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United States v. Hamilton

decided: January 13, 1984.


Appeal from the United States District Court for the Northern District of Illinois, Eastern Division. No. 82 CR 570 - Prentice H. Marshall, Judge.

Cummings, Chief Judge, Wood, Circuit Judge, and Grant, Senior District Judge.*fn*

Author: Wood

WOOD, Circuit Judge.

Defendant-appellant Phanuel J. Hamilton and Rita M. Degonia were charged in August 1982 with converting to their own use over $4,000 of federal funds appropriated under the Comprehensive Employment and Training Act (CETA). Count I charged a conspiracy among Degonia, Hamilton, and others, and five subsequent counts charged Degonia*fn1 with substantive violations of 18 U.S.C. § 665(a) for converting CETA funds to her own use and Hamilton with aiding and abetting Degonia to violate § 665(a). Hamilton was found guilty of conspiracy and all but one of the other five counts.*fn2

Hamilton raises four issues on appeal. He questions the sufficiency of the evidence against him. He also claims that his knowledge of a federal interest in the converted funds is a necessary element of the offense but was not proved. Hamilton further questions whether there was in fact any substantial federal interest in the particular funds. Lastly, he claims that the indictment improperly joined offenses and persons in violation of Rule 8, Fed. R. Crim. P. We affirm.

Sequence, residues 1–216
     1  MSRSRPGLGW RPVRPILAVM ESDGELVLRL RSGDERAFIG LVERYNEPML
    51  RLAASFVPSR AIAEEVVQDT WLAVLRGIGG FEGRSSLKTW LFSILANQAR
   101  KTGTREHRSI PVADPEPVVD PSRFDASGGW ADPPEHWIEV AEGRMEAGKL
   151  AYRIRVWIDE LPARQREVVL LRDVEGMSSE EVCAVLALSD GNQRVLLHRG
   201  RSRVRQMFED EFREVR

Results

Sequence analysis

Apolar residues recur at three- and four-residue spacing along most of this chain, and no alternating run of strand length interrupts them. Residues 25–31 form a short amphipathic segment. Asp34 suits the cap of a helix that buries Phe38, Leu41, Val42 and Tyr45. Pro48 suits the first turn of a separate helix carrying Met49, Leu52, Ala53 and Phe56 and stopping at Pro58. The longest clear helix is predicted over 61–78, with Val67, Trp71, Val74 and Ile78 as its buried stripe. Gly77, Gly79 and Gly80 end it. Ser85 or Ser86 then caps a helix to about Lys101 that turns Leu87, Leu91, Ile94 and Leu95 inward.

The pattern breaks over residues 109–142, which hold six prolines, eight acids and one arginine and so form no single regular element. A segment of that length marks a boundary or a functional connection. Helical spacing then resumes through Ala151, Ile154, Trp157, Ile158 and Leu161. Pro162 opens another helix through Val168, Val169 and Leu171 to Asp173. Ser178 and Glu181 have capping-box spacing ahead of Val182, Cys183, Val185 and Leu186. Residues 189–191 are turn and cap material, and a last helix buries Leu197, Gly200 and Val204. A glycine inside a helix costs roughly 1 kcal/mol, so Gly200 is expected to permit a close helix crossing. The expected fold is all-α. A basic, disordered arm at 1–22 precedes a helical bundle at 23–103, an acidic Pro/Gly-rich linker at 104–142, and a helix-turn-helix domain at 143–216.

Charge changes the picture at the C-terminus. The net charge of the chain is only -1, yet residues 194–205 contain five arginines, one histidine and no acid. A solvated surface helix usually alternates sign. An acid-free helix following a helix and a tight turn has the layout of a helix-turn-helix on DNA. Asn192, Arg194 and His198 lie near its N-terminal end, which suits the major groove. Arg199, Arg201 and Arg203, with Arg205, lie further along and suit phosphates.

The facts, largely undisputed, reveal a simple scheme to aid Degonia's admitted embezzlement of CETA funds. Between June and September 1980, Degonia was director of an adult training program of the Chicago Metropolitan YMCA, known as the Cottage Industries Training Program (CITP). Under the program, about sixty-four persons received job training at four suburban YMCA locations. The trainees' wages were covered by a reimbursement agreement with the United States Department of Labor; the federal government disbursed CETA funds to the Cook County Office of Manpower which in turn reimbursed its subgrantee, the YMCA, for the CITP payroll expenses. Degonia's responsibilities at CITP included supervision of trainee time sheets and payroll authorizations, which required her to receive the payroll checks and distribute them to the trainees.

For each of several pay periods, Degonia took some of the names of fifteen trainees no longer active in CITP and added them to the payroll. This caused a total of thirty-six unearned wage checks to be prepared and sent to her along with the properly earned checks. She withdrew only the unearned checks from distribution to the trainees and kept them for her own purposes. Degonia enlisted her friend, Hamilton, to help her convert twenty-seven of the fraudulent checks to cash. Hamilton at the time was Director of Individual Services in the Chicago Mayor's Office for Senior Citizens. Degonia delivered the checks to Hamilton at street locations between their two Chicago offices. Hamilton cashed the third-party wage checks drawn on the YMCA payroll account at several locations. On occasion, he claims he cashed the checks using personal cash he had with him. Some of the checks already evidenced fictitious payee endorsements when Hamilton received them. A government handwriting expert testified she was "virtually certain" that other payee endorsements had been added by Hamilton. Most of the check-cashing locations selected by Hamilton did not require his second endorsement. Hamilton returned most of the proceeds from the payroll checks to Degonia, but deposited some of the money in his overdrawn personal bank account.